AB - Although a defect in renal transport of phosphate seems well established as the primary abnormality underlying the pathogenesis of X-linked hypophosphatemic rickets and osteomalacia, several observations indicate that renal phosphate wasting and hypophosphatemia cannot solely account for the spectrum of abnormalities characteristics of this disease. Thus, in the present study, the authors investigated the potential role of abnormal vitamin D metabolism in the pathogenesis of this disorder and the effect of 1,25-dihydroxyvitamin D3 therapy on both the biochemical abnormalities characteristic of this disease and the osteomalacia. Four untreated patients, aged 14-30 yr, had normocalcemia (9.22±0.06 mg/dl); hypophosphatemia (2.25±0.11 mg/dl); a decreased renal tubular maximum for the reabsorption of phosphate per liter of glomerular filtrate (2.12±0.09 mg/dl); normal serum immunoreactive parathyroid hormone concentration; negative phosphate balance; and bone biopsy evidence of osteomalacia. The serum 25-hydroxyvitamin D3 concentration was 33.9±7.2 ng/ml and, despite hypophosphatemia, the serum level of 1,25-dihydroxyvitamin D3 was not increased, but was normal at 30.3±2.8 pg/ml. These data suggested that abnormal homeostasis of vitamin D metabolism might be a second defect central to the phenotype expression of X-linked hypophosphatemic rickets/osteomalacia. This hypothesis was supported by evaluation of the longterm response to pharmacological amounts of 1,25-dihydroxyvitamin D3 therapy in three subjects. The treatment regimen resulted in elevation of the serum 1,25-dihydroxyvitamin D levels to values in the supraphysiological range. Moreover, the serum phosphate and renal tubular maximum for the reabsorption of phosphate per liter of glomerular filtrate increased towards normal whereas the phosphate balance became markedly positive. Most importantly, however, repeat bone biopsies revealed that therapy had positively affected the osteomalacic component of the disease, resulting in normalization of the mineralization front activity. Indeed, a central role for 1,25-dihydroxyvitamin D3 in the mineralization of the osteomalacic bone is suggested by the linear relationship between the serum level of this active vitamin D metabolite and the mineralization front activity. The authors, therefore, suggest that a relative deficiency of 1,25-dihydroxyvitamin D3 is a factor in the pathogenesis of X-linked hypophosphatemic rickets and osteomalacia and may modulate the phenotype expression of this disease.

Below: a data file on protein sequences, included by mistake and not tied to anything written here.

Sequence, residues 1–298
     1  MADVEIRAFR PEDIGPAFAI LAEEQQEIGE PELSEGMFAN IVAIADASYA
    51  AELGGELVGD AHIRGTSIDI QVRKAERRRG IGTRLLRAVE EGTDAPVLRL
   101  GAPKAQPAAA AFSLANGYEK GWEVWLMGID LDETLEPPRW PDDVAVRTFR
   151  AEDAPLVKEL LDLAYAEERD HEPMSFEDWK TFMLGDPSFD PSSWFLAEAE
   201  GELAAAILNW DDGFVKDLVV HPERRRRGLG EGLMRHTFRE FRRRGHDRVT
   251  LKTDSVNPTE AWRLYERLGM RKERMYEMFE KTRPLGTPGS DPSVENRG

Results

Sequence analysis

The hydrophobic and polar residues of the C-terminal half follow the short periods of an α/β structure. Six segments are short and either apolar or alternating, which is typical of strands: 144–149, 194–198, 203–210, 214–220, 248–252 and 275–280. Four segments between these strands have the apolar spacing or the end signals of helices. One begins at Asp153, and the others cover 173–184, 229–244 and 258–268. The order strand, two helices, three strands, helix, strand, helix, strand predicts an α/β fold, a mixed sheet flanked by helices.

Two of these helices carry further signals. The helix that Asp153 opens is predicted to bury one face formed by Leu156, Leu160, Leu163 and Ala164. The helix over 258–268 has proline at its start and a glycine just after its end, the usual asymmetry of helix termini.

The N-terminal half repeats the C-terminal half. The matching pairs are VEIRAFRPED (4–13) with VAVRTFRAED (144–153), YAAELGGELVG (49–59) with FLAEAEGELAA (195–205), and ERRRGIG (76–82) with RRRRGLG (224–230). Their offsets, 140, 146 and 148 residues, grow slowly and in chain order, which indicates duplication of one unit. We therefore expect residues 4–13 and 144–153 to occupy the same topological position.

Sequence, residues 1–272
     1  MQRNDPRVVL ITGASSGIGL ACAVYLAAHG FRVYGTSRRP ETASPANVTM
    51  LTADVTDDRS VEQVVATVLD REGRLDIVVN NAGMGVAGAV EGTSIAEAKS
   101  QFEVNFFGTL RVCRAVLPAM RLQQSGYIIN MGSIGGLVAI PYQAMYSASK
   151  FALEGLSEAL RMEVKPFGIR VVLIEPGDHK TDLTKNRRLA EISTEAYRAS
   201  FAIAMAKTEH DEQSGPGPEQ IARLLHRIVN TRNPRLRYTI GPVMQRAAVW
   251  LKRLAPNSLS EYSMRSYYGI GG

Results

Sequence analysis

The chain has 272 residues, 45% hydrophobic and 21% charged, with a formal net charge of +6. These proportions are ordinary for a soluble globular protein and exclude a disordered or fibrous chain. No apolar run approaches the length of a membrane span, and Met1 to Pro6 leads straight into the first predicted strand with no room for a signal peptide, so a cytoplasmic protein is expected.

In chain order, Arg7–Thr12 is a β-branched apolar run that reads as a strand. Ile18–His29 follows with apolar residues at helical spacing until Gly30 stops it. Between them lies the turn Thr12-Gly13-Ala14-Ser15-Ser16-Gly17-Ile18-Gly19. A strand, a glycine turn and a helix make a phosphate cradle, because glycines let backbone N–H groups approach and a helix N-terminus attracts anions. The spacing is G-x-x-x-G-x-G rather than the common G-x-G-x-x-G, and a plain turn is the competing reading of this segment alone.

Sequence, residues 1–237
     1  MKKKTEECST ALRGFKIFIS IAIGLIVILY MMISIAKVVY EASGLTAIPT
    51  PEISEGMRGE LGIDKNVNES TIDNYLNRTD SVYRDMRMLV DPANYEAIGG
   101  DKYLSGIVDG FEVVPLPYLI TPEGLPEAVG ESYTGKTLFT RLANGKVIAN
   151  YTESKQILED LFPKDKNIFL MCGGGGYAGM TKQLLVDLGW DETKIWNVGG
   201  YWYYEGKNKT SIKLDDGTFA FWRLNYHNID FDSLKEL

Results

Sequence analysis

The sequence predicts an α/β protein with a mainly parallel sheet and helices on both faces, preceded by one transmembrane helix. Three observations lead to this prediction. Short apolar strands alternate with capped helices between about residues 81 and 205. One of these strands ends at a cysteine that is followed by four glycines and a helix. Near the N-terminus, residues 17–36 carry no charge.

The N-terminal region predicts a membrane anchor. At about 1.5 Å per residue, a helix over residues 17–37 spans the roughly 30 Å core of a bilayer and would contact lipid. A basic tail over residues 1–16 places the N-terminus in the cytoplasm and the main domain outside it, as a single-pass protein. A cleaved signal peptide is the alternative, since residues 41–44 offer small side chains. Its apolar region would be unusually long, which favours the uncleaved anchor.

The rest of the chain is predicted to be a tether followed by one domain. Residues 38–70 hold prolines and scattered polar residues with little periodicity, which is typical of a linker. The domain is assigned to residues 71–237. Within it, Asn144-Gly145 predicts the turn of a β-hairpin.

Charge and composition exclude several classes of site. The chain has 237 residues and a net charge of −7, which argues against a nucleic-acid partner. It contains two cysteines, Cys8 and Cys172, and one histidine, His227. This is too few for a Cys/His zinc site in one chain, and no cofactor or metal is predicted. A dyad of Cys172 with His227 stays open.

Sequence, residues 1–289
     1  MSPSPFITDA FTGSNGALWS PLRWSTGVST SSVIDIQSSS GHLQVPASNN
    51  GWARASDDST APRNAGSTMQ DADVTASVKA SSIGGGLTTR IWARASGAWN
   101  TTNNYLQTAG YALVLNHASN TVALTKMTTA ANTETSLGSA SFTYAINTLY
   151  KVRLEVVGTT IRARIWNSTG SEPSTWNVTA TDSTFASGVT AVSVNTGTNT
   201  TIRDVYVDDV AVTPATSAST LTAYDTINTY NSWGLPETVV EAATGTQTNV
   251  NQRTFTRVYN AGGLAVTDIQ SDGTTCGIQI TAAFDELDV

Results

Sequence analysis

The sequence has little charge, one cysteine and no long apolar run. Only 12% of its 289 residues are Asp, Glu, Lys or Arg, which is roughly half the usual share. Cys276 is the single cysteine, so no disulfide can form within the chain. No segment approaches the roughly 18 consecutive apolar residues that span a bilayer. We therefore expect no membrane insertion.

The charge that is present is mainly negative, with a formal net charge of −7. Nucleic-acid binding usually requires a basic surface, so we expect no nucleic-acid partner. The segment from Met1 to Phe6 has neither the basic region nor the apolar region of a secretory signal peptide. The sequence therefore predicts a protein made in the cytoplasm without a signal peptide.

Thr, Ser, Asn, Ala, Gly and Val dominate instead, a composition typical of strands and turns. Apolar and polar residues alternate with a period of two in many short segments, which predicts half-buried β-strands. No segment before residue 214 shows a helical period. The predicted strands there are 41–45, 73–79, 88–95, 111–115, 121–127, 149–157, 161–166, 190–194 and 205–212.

UR - http://www.scopus.com/inward/record.url?scp=0019158921&partnerID=8YFLogxK

UR - http://www.scopus.com/inward/citedby.url?scp=0019158921&partnerID=8YFLogxK

M3 - Article

C2 - 6253520

AN - SCOPUS:0019158921

VL - 66

SP - 1020

EP - 1032

JO - Journal of Clinical Investigation

JF - Journal of Clinical Investigation

SN - 0021-9738

IS - 5

ER -